Zero understanding of dark fiber business means zero benefit to Californian consumers

31 July 2018 by Steve Blum
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Southern California Edison is driving home the point that rebating half of its dark fiber leasing revenue to electric customers would kill its ability to compete in the telecoms market. A draft decision by CPUC commissioner Clifford Rechtschaffen would replace a nearly 20 year old gross revenue sharing formula – 90% to SCE, 10% to electric customers – with a 50/50 split.

In closed door meetings with top California Public Utilities Commission staff, an SCE executive and an in-house lobbyist said, in effect, that Rechtschaffen doesn’t understand the dark fiber business…

Contrary to unsupported statements in [Rechtschaffen’s draft decision], a 50/50 gross revenue sharing mechanism would not provide sufficient return to justify shareholder investment. The 50/50 gross revenue sharing implies equal sharing of benefits, but ignores the incremental costs, risks, and business liabilities incurred by shareholders…

Shareholders would have to recover all of their costs through the remaining 50%, if possible, resulting in disproportionally less or negative benefits for shareholders since customers do not incur any incremental costs. There is no evidence in the record that the 50/50 split is an economically viable mechanism to justify shareholder investment.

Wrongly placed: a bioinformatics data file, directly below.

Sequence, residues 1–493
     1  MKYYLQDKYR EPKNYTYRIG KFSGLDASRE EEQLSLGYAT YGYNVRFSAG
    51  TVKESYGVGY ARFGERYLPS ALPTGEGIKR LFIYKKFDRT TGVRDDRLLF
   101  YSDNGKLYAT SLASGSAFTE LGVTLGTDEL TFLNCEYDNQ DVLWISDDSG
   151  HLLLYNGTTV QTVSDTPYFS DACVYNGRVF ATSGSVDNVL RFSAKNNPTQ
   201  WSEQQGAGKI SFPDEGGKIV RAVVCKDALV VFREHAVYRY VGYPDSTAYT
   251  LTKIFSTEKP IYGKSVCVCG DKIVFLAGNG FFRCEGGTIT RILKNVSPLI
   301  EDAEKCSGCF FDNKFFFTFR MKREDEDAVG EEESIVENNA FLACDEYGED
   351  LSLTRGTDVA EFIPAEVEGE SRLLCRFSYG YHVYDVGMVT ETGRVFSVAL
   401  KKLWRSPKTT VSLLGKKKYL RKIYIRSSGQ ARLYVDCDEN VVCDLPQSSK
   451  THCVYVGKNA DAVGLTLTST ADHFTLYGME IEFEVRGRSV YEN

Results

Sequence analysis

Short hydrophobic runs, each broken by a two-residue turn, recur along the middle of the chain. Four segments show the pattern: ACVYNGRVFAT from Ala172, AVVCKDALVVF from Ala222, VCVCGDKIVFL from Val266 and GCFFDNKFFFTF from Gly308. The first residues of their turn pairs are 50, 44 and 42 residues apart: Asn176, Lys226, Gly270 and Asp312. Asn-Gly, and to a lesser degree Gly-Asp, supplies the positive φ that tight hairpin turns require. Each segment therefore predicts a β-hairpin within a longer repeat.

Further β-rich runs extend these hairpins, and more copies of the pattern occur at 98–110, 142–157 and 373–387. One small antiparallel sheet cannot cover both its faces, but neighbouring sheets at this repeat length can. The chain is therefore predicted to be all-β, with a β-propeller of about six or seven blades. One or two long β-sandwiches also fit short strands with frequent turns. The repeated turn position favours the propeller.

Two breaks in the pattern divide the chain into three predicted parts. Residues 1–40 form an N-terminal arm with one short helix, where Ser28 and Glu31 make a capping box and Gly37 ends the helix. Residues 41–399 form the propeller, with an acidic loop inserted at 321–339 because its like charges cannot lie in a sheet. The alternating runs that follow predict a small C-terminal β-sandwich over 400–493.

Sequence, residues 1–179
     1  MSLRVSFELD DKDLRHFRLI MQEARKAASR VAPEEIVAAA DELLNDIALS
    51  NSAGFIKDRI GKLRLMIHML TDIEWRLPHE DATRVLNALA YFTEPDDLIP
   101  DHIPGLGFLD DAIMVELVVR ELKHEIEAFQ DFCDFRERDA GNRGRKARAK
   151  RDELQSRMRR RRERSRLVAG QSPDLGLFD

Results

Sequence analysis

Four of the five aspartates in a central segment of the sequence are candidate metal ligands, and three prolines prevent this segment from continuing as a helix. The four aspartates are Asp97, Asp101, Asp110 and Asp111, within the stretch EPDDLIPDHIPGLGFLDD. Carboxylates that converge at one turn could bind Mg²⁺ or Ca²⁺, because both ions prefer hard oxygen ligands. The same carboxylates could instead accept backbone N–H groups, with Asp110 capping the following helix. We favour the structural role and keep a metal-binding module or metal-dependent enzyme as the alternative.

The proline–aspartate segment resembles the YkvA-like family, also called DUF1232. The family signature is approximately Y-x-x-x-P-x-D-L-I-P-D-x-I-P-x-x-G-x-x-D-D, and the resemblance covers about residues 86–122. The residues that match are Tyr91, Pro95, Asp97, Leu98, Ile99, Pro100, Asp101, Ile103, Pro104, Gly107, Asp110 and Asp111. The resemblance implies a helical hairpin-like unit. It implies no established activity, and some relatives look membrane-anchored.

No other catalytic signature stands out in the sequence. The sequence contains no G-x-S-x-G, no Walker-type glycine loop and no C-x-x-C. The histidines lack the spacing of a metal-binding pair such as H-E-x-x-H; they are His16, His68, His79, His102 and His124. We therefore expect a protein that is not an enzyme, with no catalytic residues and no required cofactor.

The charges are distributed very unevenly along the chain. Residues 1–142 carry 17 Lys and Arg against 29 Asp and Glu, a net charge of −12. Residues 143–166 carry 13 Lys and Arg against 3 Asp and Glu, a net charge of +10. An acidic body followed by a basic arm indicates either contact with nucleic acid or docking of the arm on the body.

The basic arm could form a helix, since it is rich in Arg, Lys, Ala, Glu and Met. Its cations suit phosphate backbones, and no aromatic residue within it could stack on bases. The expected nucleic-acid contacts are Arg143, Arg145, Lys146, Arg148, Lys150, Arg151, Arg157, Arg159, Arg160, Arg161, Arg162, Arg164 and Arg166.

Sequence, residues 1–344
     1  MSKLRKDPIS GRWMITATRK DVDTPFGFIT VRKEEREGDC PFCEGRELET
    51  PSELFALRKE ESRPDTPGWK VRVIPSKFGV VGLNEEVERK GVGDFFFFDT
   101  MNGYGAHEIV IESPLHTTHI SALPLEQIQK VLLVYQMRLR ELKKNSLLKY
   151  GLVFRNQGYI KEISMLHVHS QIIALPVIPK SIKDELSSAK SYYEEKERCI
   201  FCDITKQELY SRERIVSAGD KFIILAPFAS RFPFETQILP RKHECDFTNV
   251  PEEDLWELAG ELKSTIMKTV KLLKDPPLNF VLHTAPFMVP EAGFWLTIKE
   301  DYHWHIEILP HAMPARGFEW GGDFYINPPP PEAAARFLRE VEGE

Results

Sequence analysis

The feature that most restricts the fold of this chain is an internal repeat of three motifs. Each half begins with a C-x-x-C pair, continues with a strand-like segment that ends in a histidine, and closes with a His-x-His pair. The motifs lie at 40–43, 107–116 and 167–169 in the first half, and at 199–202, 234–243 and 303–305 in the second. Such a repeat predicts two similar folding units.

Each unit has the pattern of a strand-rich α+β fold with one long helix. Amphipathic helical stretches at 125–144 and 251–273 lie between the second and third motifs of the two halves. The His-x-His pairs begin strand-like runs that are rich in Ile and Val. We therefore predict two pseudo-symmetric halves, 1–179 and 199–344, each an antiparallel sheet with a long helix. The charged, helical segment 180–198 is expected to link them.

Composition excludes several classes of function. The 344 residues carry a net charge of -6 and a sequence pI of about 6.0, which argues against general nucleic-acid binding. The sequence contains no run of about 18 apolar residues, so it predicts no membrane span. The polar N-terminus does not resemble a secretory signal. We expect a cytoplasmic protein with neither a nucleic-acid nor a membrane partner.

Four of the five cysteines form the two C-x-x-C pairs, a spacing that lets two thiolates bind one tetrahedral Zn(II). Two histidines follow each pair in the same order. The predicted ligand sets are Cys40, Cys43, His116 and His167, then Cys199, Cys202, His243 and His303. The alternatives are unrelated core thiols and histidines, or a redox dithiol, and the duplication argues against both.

Both SCE and the Utility Reform Network (TURN), a non-profit organisation that claims to speak for consumers, filed longer written comments about Rechtschaffen’s draft.

TURN shows a similar lack of understanding about telecoms. It argues that SCE’s dark fiber business should micromanaged by the CPUC, similar to the way privately-owned electric utilities are regulated.

That’s nonsense. Electric utilities are monopolies that provide an essential service, and it is rational to regulate them as such. Independent dark fiber companies have to make their living competing against unregulated, monopoly business model telephone companies. Micromanaging one of the few remaining competitive sources of dark fiber in California, while ignoring, if not actively assisting, monopoly telcos is perverse.

Californian consumers need fast and affordable broadband service every bit as much as they need electricity. Thinking that cutting them in on more of SCE’s fiber revenue will be a benefit to them is pure fantasy. SCE put it correctly and succinctly in its comments: “the ‘interests of ratepayers’ are better served by 10% of gross revenues than by 50% of zero”.